Of course, there are some metrics that are required for a business. Sales, profit, income, refunds. These are probably success metrics that all businesses have. But there are other metrics that are useful just for specific cases. It’s all a matter of finding out what works for you.

In order to get started, simply write down customer success metrics related to your mission. But if you want a bit of inspiration let’s see a few examples.

What customer success metrics would you measure?

Although the right metrics depend on what you define as success, we can get started with the basics.

Let’s check customer satisfaction measured by reviews first. This is given by:

Customer Satisfaction = Sum of ratings / Number of ratings


In addition, there are many variations of this metric. It’s very common to group ratings into “feelings” and then measure your customer satisfaction in these groups. For instance, all ratings below 5/10 can be considered “low”, then you can measure your low rating percentage:

Low ratings = Count ratings below 5 / Number of ratings


Because the path to customer success goes through measuring unsatisfaction, we need to talk about customer churn. Churn is simply the measure of how many users have canceled their subscriptions in a given period. This gives you an idea of how many customers are rotating each month.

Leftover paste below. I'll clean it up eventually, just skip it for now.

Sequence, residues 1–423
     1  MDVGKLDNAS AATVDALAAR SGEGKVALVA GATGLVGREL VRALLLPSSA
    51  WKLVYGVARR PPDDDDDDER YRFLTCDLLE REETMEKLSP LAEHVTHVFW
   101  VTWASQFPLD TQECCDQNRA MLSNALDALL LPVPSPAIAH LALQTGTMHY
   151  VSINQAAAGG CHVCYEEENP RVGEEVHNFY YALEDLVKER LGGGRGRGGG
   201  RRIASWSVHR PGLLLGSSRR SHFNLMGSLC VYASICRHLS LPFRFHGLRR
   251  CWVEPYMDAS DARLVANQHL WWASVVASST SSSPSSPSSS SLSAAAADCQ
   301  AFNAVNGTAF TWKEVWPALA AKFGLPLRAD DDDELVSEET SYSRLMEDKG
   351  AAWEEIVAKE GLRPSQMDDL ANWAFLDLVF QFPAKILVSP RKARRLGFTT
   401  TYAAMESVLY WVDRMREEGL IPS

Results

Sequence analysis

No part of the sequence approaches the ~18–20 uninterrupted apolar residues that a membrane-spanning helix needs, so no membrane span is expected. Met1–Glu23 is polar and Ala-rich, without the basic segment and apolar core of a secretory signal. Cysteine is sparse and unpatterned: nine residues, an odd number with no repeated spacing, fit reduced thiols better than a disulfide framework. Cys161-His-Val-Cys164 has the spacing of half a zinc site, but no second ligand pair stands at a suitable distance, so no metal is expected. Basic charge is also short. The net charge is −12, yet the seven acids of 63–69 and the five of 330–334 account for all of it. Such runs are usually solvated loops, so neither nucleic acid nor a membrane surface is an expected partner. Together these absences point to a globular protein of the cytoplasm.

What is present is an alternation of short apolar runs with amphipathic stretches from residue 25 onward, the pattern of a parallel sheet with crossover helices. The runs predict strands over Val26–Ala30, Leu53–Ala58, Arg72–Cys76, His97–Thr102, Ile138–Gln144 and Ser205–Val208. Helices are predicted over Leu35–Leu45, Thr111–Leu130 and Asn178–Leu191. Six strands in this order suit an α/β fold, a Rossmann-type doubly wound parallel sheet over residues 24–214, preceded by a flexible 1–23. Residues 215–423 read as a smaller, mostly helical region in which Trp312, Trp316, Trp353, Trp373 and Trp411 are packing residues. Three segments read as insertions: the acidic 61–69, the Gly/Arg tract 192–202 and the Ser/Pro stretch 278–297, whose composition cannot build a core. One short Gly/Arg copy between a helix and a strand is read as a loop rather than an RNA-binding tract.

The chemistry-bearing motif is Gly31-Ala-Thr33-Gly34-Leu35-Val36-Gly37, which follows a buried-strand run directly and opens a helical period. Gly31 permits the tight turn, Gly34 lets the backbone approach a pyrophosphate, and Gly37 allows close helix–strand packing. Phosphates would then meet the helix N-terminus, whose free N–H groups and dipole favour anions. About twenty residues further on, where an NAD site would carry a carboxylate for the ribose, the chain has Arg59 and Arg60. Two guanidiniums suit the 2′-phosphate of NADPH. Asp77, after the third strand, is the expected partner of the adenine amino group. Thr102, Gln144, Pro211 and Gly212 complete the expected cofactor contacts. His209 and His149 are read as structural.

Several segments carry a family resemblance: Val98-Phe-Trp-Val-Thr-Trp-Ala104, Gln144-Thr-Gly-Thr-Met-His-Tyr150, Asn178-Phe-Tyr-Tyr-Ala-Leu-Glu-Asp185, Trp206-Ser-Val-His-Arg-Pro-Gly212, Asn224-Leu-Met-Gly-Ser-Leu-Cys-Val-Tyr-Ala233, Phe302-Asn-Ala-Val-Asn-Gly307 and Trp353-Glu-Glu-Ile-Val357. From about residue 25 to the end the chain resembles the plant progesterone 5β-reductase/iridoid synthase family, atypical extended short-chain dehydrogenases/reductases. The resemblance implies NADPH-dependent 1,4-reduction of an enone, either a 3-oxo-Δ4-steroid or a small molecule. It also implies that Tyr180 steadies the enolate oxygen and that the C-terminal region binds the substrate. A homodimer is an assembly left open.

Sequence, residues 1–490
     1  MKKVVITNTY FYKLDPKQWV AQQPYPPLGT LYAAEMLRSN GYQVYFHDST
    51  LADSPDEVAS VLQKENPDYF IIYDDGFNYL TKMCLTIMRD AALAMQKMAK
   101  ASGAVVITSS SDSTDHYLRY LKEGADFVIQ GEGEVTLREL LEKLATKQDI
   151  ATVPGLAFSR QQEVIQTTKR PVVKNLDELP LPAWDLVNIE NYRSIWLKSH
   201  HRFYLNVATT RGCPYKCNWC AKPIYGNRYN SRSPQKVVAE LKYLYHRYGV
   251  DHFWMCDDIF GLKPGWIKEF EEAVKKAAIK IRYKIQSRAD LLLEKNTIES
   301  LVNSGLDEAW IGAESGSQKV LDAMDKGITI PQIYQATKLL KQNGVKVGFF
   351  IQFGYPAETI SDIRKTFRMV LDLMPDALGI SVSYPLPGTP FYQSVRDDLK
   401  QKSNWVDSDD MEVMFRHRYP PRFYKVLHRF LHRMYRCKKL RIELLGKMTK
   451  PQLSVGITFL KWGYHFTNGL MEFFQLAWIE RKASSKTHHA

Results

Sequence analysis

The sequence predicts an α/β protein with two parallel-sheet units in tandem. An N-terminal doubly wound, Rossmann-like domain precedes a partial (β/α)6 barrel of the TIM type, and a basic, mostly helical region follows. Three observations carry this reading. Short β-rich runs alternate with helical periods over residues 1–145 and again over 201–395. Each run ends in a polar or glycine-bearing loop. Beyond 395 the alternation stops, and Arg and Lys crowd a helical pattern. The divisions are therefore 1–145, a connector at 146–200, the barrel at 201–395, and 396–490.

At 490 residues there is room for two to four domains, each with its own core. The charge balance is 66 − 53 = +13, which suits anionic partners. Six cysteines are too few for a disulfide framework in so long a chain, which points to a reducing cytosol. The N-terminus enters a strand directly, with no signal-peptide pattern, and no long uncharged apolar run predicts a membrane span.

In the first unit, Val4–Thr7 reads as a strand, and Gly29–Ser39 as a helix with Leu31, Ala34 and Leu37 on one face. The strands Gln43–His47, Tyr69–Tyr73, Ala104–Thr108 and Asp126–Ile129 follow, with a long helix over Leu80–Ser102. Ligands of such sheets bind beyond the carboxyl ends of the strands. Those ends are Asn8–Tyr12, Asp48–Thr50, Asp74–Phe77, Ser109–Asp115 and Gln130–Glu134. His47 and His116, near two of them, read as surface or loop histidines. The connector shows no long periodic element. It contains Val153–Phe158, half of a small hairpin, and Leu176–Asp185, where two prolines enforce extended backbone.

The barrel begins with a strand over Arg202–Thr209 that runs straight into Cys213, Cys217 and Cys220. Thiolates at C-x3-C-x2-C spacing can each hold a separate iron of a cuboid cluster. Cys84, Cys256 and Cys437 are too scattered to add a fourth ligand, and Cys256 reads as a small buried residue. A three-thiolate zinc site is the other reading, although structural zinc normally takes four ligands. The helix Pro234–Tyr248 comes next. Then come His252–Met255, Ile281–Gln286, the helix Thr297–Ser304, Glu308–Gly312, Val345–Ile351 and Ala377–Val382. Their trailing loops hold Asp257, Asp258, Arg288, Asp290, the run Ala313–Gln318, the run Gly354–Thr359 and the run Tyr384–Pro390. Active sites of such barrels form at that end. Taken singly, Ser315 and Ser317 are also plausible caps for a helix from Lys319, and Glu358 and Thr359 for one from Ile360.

Customer churn = number of customers lost in period / number of customers at the end of the previous period


For instance, if you had 100 customers, lost 5 and gained 10 it may look like you are successful. After all, you are growing 5%, which is pretty good, right? Well, but in this case, you had a 5% Churn. This means that your customer base could be increasing by 10%, but is growing much less to offset this loss.

In addition to plain customer count, you can weight customers for their revenue. After all, from the profit point of view, losing a $1000 customer is still worse than losing 2 $100 customers. Of course, this falls again into your business mission. If all customers are equal for you, then there’s no point in weighting for revenue.